On June 23rd, 2016 the United Kingdom voted to leave the European Union. The outcome of the referendum was the result of a divisive and dispiriting campaign and the failures of the former Prime Minister David Cameron who gambled with our prosperity for his own party political purposes.
I have always been a staunch supporter of the European Union and campaigned for the United Kingdom to remain a member last year. Of course like many of my constituents I was disappointed by the result, however, I and the Labour Party voted in Parliament to hold the referendum and it would, therefore, be undemocratic for us to obstruct the decision made by the majority of the British public. No political party can stop the United Kingdom's withdrawal from the European Union, but we can work to ensure that we secure the best possible exit terms.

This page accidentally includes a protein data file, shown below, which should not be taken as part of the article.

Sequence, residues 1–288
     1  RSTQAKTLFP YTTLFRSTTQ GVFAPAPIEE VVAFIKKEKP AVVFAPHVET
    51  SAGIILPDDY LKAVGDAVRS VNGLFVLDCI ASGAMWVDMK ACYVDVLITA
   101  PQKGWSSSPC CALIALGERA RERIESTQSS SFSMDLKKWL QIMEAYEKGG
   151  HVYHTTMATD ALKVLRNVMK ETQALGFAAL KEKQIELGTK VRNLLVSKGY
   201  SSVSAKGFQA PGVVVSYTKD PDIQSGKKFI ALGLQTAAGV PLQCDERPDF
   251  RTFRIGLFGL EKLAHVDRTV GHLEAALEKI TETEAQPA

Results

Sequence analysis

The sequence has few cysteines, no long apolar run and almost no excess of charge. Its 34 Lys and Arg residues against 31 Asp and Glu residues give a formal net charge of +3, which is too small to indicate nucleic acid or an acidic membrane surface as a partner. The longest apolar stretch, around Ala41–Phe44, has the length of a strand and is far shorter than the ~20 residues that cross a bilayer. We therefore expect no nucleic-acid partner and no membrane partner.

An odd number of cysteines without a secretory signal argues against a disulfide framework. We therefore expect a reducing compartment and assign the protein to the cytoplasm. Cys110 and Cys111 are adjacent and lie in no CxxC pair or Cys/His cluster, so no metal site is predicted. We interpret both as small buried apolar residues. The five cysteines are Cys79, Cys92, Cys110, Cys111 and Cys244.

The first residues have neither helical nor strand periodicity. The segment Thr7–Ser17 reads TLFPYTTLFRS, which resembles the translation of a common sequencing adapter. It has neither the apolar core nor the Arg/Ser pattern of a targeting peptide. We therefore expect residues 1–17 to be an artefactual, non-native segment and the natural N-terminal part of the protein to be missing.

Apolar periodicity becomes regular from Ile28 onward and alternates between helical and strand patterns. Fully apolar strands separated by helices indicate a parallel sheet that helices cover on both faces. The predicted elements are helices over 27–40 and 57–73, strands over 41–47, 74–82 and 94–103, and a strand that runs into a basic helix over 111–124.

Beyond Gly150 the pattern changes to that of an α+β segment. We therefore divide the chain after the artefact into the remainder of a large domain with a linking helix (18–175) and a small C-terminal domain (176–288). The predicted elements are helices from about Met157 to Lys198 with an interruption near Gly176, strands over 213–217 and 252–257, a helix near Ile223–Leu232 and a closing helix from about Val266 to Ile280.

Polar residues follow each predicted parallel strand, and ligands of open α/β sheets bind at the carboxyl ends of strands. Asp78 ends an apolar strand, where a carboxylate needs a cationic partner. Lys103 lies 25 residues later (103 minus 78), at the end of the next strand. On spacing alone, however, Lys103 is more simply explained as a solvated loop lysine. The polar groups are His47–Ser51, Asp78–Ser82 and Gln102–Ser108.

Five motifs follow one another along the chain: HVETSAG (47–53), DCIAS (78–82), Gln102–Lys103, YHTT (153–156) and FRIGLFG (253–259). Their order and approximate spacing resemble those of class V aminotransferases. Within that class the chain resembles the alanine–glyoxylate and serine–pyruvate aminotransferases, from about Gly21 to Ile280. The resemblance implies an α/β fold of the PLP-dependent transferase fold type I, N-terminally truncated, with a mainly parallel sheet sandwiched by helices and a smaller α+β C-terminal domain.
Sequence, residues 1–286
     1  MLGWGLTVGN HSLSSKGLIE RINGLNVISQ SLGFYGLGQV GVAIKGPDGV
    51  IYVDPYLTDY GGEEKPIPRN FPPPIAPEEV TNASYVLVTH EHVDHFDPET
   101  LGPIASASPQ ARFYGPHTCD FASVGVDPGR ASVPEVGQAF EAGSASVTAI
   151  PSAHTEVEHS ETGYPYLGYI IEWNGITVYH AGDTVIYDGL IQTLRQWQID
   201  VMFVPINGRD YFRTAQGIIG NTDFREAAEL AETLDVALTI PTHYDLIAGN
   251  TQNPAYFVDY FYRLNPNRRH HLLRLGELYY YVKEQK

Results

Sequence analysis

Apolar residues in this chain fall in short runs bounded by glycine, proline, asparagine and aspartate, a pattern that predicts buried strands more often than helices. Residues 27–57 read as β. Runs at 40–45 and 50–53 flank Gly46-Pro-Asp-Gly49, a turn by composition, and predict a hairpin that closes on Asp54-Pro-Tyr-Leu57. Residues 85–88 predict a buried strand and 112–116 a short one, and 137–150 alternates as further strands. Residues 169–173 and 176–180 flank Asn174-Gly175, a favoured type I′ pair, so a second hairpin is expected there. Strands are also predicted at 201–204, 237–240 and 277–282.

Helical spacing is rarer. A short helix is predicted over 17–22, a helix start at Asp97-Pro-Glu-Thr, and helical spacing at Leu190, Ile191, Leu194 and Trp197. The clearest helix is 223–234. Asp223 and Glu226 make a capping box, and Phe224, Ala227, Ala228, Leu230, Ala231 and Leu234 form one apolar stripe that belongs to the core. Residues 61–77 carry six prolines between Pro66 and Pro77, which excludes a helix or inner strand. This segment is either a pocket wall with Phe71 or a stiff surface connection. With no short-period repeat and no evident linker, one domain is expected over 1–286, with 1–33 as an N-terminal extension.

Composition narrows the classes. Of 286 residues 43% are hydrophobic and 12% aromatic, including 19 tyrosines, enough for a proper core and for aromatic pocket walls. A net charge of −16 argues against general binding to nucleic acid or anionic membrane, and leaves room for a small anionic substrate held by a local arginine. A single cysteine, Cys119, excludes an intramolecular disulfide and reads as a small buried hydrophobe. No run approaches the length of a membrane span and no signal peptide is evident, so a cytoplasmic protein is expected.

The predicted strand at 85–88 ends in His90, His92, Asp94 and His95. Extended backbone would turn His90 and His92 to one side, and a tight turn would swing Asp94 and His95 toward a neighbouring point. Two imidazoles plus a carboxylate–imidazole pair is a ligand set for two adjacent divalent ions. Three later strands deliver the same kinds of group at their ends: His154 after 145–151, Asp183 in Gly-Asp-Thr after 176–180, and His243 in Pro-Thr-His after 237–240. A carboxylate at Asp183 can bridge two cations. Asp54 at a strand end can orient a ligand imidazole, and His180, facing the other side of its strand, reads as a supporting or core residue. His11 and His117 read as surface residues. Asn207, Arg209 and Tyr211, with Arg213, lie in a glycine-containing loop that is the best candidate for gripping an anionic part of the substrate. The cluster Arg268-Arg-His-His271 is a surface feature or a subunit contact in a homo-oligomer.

The Conservatives have called this election in order to capitalise on the divisions that have that the referendum has created, and to draw attention away from their abysmal track record in office. The government has told the British public little of what it desires to achieve from the negotiations but all signs point towards a 'Hard Brexit', with Britain crashing out of Euratom, the Single Market, and the Customs Union. If the Conservative candidate sneaks though the backdoor in Leeds North East they will give Theresa May a blank cheque to pursue a Brexit that is reckless and unreasonable. The Labour Party is determined, however, to secure a 'Soft Brexit' that puts our economic and security interests first.
I am deeply concerned that Brexit will cause severe damage to the economy, and inevitably lead to the deregulation of the labour market and of environmental protection. I, therefore, pledge to vote against any deal that comes before Parliament that damages our national interest or the lives of constituents.